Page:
I was in our front office and the phone was ringing and all five of our front office people were on the phone. I reached to pick up the second phone that's next to one of them. She slapped my hand and I'm like, "Okay, good. I'm going to walk away." She doesn't want me doing that because she knows I might screw something up and because there's something that you should be doing instead. Don't get drawn into whatever's on the other end of that phone.
That's someone who's taken ownership of their position, "That call is mine. It's not yours."
That brings it back to where as I was helping myself, I've helped all of these other people to take control of their position and not be reliant on me coming along and going, "Let me do it for you,” or "This is how I would do it." They're much more in control. That carries over into their lives, which is part of that talk that I was doing at that owner's conference. How me being in control of myself has spread into everybody else. How as I lifted myself, they've all followed, and so their home lives, income, spending habits, taking care of themselves are better. Why we all became PTs was that we wanted to help people.
As the owners, we have to look at it from the perspective of, "I can help patients but there's this whole other group of people that I can help to have a good working environment that they enjoy coming to.” If I make myself better, how much better am I going to make not only the care that my patients get but the family feeling, the experience, the culture that my employees have so that their lives are better? Their kids are being brought up better. Their marriage, relationship, weekends are better. It becomes this exponential thing.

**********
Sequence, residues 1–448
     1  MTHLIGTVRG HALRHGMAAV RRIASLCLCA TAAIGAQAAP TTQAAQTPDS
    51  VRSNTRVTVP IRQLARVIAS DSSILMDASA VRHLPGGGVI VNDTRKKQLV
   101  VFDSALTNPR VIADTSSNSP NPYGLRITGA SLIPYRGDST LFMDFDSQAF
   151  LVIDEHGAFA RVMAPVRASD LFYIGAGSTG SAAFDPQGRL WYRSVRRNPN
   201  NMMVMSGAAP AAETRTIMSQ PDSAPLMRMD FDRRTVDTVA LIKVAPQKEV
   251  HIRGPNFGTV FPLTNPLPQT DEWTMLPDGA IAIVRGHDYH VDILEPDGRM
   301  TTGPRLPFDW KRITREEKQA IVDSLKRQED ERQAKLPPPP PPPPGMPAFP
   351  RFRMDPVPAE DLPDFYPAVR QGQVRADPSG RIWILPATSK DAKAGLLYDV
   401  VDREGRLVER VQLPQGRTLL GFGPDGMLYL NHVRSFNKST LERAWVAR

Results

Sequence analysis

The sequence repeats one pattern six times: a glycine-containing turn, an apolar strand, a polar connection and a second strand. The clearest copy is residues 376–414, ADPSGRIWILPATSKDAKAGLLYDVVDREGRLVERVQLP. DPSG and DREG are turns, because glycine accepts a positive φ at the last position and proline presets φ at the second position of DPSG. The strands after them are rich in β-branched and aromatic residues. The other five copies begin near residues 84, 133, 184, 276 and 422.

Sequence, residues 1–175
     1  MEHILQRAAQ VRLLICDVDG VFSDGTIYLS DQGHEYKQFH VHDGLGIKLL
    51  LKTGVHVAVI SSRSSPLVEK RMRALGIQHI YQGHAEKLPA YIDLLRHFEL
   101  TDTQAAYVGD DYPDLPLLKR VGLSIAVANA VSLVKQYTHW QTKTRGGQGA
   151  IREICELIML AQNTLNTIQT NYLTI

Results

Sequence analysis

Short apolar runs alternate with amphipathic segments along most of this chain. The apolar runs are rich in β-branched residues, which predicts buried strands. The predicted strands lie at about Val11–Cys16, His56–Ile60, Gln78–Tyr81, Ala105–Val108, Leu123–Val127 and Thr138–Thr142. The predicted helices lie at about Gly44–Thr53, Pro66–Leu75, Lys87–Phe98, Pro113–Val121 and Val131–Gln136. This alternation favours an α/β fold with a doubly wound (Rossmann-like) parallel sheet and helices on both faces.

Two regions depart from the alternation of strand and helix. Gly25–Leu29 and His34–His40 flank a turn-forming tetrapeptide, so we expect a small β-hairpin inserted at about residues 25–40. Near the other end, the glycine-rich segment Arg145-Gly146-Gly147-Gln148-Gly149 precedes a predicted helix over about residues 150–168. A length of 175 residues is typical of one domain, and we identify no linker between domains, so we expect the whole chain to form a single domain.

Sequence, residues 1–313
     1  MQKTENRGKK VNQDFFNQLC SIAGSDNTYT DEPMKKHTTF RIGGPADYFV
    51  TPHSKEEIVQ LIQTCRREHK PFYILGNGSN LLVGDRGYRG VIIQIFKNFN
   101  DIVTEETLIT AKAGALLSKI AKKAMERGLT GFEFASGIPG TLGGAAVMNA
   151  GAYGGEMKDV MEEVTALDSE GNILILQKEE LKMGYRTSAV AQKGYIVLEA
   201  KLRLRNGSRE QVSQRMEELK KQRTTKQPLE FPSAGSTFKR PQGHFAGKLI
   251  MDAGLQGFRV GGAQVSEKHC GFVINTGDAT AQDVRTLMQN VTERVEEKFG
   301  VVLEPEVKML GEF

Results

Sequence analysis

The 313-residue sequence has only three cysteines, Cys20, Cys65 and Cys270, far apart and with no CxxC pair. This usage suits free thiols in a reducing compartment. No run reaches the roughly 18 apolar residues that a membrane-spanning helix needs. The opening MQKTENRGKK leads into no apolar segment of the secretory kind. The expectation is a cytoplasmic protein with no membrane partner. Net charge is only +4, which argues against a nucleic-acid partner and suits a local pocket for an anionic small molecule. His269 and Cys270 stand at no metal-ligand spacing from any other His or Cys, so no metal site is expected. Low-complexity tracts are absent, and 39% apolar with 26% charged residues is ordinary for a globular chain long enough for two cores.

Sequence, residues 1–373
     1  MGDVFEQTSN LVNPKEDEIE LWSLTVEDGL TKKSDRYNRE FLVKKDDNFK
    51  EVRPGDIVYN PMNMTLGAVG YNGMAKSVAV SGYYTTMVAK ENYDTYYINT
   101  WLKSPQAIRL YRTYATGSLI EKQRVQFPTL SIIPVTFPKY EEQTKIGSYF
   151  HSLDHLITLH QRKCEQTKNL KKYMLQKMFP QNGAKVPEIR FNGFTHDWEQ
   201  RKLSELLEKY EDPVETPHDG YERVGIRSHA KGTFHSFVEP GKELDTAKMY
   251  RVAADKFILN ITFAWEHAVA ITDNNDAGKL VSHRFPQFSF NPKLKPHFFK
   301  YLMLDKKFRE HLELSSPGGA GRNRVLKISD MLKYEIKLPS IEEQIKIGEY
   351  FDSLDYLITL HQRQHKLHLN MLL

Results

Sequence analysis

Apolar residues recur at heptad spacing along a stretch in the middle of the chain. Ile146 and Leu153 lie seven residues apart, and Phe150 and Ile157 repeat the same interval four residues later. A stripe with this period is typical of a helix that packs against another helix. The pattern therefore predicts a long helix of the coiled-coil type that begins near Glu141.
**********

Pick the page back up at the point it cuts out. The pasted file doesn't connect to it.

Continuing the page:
One of the books that I've listened/read over the last couple of years is called Multipliers. It talks about that exponential piece. If you do something, it affects anywhere between 10 and 24 other people. They do something and think about, especially in this day and age and not to go off on too much of a tangent, sometimes how poorly ethical society is. By making ourselves better and by making 48 employees having a good working environment. They go home and they create better environments that they live in for their families, their kids and it becomes that exponential or that multiplier piece to it.
I was thinking about that as you were sharing your stories. You can treat a patient and do well. If you could get five therapists to treat patients 80% or 90% of what you could do, that influence alone is much greater. It's multiplied.
That allows us to get all these patients that are coming from all these other places where they're not getting good care, whether it be from a big corporation or a hospital or physician's office. Even many other private practices where they're being run through as a mill. If I can get five people to do even part of a good job as I would have done, it's all of those patients that are having good experiences. It's part of that multiplier piece that keeps on going.